The CRADAs are the means of implementing the Act. As to the CRADAs themselves, there are very few guidelines for an agency to follow when establishing such an agreement with a private company. The Act states that when entering into a CRADA, the agency "shall be guided by the purposes of this chapter." 15 U.S.C. § 3710a(c)(2). Furthermore, the only limitation on which business should be chosen to form a CRADA with the agency is that the agency should give preference to small business firms and domestic businesses. 15 U.S.C. § 3710a(c)(4). Otherwise, the agency has unrestrained discretion in establishing CRADAs. S. Rep. No. 283 supra. at 10 ("the director retains discretion to decide into which cooperative agreements, if any, to enter.") *fn4"

 After analyzing the purpose of the Act and the primary means by which that purpose is to be effectuated, we must now turn to the Act and its legislative history to delineate the party or group Congress intended to protect and/or benefit by passage of the Act. The legislative history is replete with evidence that the intended beneficiary of the FTTA is the health and economic well-being of the nation as a whole and not the interests of individual businesses. The following are a few examples:


The ultimate purpose of Federal support for R &D is to develop the science and technology base needed for a strong national defense, for the health and well-being of U.S. citizens, and for a healthy U.S. economy.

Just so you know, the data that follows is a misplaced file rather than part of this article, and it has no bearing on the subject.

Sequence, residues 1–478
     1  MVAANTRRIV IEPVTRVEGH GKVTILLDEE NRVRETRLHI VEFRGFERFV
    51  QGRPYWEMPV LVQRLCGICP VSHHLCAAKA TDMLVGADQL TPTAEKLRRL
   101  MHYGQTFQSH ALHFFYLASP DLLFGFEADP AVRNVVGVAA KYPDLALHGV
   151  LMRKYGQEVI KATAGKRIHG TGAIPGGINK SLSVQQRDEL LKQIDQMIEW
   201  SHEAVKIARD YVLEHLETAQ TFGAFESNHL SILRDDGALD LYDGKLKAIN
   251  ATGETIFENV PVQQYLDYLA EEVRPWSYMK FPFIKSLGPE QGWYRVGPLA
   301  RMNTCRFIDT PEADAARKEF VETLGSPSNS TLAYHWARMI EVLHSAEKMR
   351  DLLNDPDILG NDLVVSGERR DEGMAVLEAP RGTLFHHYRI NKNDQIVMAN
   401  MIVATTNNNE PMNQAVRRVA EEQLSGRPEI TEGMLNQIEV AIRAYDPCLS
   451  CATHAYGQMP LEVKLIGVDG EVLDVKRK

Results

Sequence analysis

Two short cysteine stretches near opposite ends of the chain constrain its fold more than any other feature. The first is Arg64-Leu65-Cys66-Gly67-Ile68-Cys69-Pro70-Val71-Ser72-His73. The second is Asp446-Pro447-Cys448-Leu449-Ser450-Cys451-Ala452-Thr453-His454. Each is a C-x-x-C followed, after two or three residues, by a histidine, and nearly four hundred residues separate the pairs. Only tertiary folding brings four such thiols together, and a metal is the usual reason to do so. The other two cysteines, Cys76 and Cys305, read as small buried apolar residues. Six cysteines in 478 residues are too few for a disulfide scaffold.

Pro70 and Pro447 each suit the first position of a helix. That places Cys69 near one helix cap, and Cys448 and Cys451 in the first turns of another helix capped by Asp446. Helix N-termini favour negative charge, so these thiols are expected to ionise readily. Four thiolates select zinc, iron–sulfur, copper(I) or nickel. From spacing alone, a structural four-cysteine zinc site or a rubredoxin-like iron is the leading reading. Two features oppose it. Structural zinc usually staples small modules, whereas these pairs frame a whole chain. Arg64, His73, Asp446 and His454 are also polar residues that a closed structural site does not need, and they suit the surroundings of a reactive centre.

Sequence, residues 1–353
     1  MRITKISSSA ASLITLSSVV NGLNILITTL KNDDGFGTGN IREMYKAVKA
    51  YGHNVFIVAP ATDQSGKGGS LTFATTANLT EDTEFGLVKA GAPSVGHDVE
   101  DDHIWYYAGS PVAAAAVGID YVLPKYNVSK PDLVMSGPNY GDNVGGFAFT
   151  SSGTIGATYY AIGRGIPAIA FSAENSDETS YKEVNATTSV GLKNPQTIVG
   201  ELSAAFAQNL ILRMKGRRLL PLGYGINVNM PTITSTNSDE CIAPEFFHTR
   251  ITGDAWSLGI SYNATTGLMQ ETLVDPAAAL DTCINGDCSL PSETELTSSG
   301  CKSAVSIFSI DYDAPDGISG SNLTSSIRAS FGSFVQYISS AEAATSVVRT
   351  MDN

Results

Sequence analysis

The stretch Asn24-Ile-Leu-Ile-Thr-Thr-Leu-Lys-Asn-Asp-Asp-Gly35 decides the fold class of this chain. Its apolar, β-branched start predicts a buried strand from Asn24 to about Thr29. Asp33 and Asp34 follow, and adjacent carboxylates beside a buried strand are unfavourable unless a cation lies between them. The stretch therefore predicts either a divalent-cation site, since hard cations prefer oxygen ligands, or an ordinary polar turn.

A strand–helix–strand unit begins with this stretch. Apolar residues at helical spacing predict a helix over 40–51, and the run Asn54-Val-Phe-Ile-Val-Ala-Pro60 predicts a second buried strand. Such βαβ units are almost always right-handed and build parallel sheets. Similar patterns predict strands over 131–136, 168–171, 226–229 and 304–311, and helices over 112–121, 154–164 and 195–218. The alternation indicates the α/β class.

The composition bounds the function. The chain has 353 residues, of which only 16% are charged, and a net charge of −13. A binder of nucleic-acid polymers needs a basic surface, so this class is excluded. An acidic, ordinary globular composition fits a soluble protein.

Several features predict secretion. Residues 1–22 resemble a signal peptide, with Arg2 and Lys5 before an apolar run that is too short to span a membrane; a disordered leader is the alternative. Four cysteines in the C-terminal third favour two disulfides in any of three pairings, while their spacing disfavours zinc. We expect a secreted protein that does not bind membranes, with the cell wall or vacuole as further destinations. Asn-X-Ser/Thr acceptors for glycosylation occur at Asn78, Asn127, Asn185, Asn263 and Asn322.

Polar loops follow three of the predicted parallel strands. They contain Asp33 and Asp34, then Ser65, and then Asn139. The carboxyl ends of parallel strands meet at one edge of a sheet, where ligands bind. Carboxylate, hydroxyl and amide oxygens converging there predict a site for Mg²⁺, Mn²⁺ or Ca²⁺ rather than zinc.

S. Rep. No. 283 supra. at 2.


A director may, for example, give priority to proposed cooperative agreements which, in the judgment of the director, are most likely to benefit employment in the United States or the technical development of U.S. companies.

 Id. at 11.


It is expected that these authorities will open an entirely new form of benefit to State and local governments by allowing the Federal laboratories to become active partners and contributors of technologies to promote regional economic development.



[The provisions of the FTTA] are geared toward encouraging economically productive research and development projects to enable industry to take advantage of the latest scientific developments in their fields, and thereby increase productivity, employment, and international competitiveness.